There’s a guy that I know here in Orlando that goes by the nickname Nemo. He’s got his hands in a lot of cookie jars and making use of each of them in ways that all come together under the idea of “Dreamers”. Alex Hanse is that thought leader behind the Foolies Limited Clothing. Chances are you’ve seen his inspirational t-shirts all around social media from Orlando, to New York, and on Hollywood Celebrities. It’s true, check it out on Instagram.
For Black History Month, Foolies is featuring a different Dreamer for each day of the month. I encourage you to follow them and see who else they’re featured and hopefully find some inspiration by their short bios and stories. I know I am inspired!
I’m super excited to say that I have been featured in Gotta Get Blogging’s Blogger of the Month for December. Bess Auer heads up that organization that helps out bloggers whether beginner to professional to get exposure, grow their reach, and more.
I was asked a few questions about blogging. Check out my responses along with an upcoming event Florida Blog Con Forum on March 2016.
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Last Saturday was World Graphic Design Day, April 27 marks the birthday of Icograda, the International Council of Graphic Design Associations. Established in 1963, Icograda marks its 50 anniversary on 27 April. This celebration was launched in 1991 as World Graphics Day. It is an opportunity to recognize communication design, and its role in the world, and to celebrate the birthday of Icograda.
International Council of Graphic Design Associations (Icograda) was founded in London in 1963. Icograda is the world body for professional communication design and visual communication. Icograda network members include professional associations, design promotion bodies, design media and design education institutions. Design media are affiliated through the Icograda Design Media Network.
Ours is one of the most influential professions in the world. It shapes the daily lives of people everywhere. World Graphics Day is an opportunity to recognise communication design and its role in the world. Communication designers around the world, connected by a passion for their profession, are asked to take a moment to collectively feel pride in the work they do in their communities. Let’s reflect, and hope that our profession will continue to contribute to a better, sustainable world. What an amazing time to be a designer! We can see events unfolding all around the world. We can communicate instantly with each other in many different ways.
To commemorate this date we will showcase some designs created along the years for the World Graphic design Day.
The world may think this is just about making it look good; but Graphic Designers do much more than that, a good Graphic Designer can benefit your business bottom line.Good Graphic Design helps you make that important positive first impression. It gets you noticed and helps you communicate effectively with your potential clients.
Many business owners think that hiring a Graphic Designer is one advertising & marketing expense that they can avoid. Here I will show you some reason why you should not “skimp” on Design services.
- It have to be done, why not doing correctly – Don’t take chances that will cost you money and time, get it right the first time by using a professional Graphic Designer since the beginning. A professional Graphic Designer knows printing and designing specifics that will help you avoid problems when printing or displaying your designs.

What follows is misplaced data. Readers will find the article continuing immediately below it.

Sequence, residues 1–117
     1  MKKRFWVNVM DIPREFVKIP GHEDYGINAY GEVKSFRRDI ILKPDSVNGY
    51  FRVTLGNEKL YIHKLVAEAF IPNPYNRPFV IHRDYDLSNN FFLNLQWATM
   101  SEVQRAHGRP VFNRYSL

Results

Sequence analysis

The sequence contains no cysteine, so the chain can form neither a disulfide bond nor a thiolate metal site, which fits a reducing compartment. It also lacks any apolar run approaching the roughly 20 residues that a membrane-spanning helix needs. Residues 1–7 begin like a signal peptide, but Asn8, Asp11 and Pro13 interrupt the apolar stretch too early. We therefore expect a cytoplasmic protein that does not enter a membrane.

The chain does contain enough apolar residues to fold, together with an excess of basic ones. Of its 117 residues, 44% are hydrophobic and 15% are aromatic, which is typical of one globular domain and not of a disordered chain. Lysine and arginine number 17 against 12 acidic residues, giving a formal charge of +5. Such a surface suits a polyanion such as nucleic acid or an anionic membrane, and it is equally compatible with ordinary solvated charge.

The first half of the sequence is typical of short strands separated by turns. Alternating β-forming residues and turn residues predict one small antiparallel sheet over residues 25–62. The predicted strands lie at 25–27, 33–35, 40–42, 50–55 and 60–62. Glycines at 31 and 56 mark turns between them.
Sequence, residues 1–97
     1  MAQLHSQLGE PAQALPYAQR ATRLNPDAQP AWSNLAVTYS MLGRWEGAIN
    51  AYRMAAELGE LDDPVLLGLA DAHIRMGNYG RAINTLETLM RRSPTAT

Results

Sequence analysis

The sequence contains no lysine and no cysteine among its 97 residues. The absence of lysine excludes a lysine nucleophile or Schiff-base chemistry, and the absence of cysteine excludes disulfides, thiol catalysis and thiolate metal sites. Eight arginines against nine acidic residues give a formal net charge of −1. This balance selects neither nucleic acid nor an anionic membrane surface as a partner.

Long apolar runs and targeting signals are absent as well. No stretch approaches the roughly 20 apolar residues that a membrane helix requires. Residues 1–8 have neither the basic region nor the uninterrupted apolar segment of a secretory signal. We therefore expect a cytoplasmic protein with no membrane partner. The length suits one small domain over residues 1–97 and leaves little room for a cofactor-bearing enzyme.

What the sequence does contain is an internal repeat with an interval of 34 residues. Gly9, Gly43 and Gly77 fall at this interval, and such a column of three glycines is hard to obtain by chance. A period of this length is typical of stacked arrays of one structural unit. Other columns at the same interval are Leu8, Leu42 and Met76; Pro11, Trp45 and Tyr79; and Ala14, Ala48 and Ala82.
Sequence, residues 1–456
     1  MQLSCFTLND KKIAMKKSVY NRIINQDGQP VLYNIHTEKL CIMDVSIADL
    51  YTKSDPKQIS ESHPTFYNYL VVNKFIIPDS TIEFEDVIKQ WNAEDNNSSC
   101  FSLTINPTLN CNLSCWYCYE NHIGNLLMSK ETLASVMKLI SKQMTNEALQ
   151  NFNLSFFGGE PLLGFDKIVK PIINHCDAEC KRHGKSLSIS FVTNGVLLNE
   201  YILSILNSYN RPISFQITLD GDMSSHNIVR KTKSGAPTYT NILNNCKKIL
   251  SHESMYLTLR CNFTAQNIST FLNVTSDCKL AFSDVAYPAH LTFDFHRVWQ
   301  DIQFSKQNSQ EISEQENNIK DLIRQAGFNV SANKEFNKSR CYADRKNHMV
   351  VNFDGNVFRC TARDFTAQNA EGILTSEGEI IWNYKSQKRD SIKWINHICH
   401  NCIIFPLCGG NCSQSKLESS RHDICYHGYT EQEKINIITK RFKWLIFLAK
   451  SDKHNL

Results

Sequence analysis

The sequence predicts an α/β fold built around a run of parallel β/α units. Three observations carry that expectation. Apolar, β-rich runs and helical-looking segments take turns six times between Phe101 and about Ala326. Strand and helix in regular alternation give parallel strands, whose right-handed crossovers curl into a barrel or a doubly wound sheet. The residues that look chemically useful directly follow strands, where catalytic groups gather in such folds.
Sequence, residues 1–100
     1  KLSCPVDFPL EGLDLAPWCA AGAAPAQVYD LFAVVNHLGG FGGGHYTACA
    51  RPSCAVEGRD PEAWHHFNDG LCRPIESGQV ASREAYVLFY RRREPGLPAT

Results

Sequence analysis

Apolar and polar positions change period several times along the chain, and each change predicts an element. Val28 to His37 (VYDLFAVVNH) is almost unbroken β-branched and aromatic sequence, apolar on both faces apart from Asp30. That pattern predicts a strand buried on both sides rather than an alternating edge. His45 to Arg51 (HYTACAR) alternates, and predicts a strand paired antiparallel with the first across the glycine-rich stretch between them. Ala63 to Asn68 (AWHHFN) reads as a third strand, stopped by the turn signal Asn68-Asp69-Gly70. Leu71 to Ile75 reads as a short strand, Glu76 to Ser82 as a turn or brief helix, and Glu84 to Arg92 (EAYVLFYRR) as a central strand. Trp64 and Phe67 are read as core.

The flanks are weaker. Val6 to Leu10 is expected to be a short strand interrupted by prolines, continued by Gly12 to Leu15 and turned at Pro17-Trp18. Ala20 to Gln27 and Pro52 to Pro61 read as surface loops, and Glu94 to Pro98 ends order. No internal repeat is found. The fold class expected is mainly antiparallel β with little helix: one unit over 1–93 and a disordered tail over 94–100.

- Grab their attention – When it comes to design, first impressions are everything. A Graphic Designer will help to capture the attention of your customers. Successful design will take the message that you want to share to the world and send it directly to the people you want to reach and deliver it in a way that they can receive.
- You don’t have all the time of the world – An experienced Designer works without supervision, manages the Design process, and keeps the Client updated and involved when necessary. A graphic designer knows their field well, they can turn your ideas into reality in a short time, leaving you free to do what you do best.
- Because money matters – If your art file is not prepared precisely the way it needs to be for printing, you may find that it will cost more to have a commercial printing company fix the art file than it would have been to simply hire a professional to prepare proper print-ready art files in the first place. Professional graphic designers are familiar with the legal part of design. They know that it is absolutely necessary to purchase licenses for the images and typefaces that we use in projects. Without these licenses, you could face legal action, which is not cheap.
- Your business image is everything – We live in a society that judge the “book by the cover”, the better something looks from the outside, the more valuable it must be. A professional graphic designer can help you develop a brand that matches the quality of your products and services. They can provide you with beautifully printed business cards and brochures. They can design a logo that not only gets attention, gains recognition, but communicates the ideas and values behind your business.
I hope that these benefits of hiring a more experienced Graphic Designer have convinced you not to hire uncle Juan to design your marketing material. Your business’ success is hinged upon your marketing strategy, and how well that vision is executed and presented to your audience. Professional Marketing and Design is an investment that will pay off over a relatively short period of time.
When looking for a Professional Graphic Designer ask for referrals, check out portfolios and read testimonials of past clients. Design Theory is a Design Firm that works with professional Graphic and Web Designers that can help promote your brand with excellence.